Sapphire is one of the most sought after minerals in the area, and is moderately common as subrounded to well-rounded grains, usually small but rarely up to a few centimetres in size. The colour is usually a dark blue, but is sometimes green or parti-coloured.
|This 0.5 km2 area, on the shoreline of Bass Strait at Weymouth, is about 200 km north of Hobart and 50 km north of Launceston. It can be reached via Pipers River on sealed roads.
The main collecting area is on a beach west of Weymouth at approximately AMG reference 511 200 mE, 5 460 400 mN.
The area has yielded fine-grained quartz pebbles, petrified wood and some agates and chalcedony, all of which are regarded as important sources of tumbling material for lapidarists.
|The area is about 80km NW of Hobart, and is reached on sealed roads via Bothwell or Ouse, and fair unsealed roads thereon.
Interesting material occurs over most of Tunnel Marsh (AMG reference 462 300 mE, 5 323 300 mN).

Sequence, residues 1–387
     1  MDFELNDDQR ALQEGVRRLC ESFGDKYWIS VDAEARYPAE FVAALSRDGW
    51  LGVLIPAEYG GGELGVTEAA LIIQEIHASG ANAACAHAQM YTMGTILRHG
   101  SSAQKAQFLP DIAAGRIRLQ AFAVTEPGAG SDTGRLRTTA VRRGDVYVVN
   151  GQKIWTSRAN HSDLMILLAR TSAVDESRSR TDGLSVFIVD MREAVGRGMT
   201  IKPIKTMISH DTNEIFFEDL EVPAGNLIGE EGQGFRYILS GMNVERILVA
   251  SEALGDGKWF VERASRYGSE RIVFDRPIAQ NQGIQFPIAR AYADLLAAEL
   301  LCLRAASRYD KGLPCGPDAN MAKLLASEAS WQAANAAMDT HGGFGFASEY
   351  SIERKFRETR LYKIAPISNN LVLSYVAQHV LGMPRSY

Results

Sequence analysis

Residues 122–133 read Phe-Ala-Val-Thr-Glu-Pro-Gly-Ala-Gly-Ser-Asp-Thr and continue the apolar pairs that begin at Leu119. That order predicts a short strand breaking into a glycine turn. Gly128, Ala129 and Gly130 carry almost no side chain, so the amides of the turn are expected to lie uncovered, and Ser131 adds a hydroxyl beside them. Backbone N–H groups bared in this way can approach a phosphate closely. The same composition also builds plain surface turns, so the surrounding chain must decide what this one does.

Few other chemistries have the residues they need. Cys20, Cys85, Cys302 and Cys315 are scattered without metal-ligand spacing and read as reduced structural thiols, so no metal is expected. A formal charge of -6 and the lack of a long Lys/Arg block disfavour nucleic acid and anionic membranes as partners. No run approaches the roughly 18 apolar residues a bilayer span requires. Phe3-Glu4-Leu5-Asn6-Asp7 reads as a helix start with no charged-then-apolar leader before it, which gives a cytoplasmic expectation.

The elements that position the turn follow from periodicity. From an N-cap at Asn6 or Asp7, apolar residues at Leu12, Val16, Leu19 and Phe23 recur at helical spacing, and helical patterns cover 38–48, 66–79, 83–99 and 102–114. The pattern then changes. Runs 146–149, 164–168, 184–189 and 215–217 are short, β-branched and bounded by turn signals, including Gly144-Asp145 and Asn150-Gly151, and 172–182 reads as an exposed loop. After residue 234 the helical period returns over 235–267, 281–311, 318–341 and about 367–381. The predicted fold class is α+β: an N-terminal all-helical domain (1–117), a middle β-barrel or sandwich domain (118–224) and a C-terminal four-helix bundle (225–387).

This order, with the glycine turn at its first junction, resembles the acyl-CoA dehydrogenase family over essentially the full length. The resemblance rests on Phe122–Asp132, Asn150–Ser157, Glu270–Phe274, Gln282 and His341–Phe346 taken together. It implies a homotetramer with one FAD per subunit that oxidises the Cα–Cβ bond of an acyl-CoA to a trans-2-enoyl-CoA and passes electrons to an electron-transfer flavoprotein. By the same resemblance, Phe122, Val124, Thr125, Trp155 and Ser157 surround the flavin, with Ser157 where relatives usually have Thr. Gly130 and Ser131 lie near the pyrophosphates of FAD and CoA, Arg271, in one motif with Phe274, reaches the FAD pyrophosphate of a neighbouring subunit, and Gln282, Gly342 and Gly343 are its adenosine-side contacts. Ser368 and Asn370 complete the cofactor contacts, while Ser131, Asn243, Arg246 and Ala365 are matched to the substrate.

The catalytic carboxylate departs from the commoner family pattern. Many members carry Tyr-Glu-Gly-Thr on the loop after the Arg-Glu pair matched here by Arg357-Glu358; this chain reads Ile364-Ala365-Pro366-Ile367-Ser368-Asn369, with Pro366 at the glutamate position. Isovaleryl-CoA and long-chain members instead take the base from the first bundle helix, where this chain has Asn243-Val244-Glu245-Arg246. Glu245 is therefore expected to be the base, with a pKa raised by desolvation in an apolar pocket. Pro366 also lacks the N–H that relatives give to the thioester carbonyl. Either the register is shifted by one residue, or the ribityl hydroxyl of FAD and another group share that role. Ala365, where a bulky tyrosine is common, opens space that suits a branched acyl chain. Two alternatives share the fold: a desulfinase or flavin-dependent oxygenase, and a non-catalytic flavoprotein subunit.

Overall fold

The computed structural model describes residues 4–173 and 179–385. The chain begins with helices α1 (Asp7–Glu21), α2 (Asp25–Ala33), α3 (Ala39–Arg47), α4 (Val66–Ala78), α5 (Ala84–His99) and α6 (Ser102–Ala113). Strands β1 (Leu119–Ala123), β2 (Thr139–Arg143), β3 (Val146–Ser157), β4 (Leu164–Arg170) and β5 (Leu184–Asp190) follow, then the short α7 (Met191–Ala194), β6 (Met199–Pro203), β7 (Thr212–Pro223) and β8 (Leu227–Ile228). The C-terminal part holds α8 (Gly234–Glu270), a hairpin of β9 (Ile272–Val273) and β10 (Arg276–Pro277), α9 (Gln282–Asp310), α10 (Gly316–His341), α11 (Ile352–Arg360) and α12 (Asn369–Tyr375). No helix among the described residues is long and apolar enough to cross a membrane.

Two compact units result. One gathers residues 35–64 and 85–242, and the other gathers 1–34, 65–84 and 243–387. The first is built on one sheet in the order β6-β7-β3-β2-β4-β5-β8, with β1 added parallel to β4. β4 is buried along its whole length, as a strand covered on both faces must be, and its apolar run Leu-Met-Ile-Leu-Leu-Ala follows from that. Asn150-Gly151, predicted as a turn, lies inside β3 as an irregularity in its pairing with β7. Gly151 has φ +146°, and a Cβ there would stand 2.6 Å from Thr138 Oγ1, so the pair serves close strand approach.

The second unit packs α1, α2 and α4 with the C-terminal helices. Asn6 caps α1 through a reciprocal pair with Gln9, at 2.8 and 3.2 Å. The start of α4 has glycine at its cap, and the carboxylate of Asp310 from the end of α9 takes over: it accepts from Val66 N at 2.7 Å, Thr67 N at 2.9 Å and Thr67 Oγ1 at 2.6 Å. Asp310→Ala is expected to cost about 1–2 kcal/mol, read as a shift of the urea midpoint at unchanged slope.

Agate, jasper and petrified wood are found over most of Tunnel Marsh and are extracted by shallow digging. The material is generally inferior to that found at Lune River and Penstock.
A prospecting licence allows the holder to conduct fossicking activities for rock and mineral specimens outside of the declared fossicking areas.
A prospecting licence is valid for 12 months from date of issue and the external link below contains all required details and application.
Gold, gold, gold!
Alluvial Gold in Tasmania
If you are considering hunting for a little gold on your Tasmanian trip you may find this free 31 page publication by the DIVISION OF MINES AND MINERAL RESOURCES (in PDF) of value.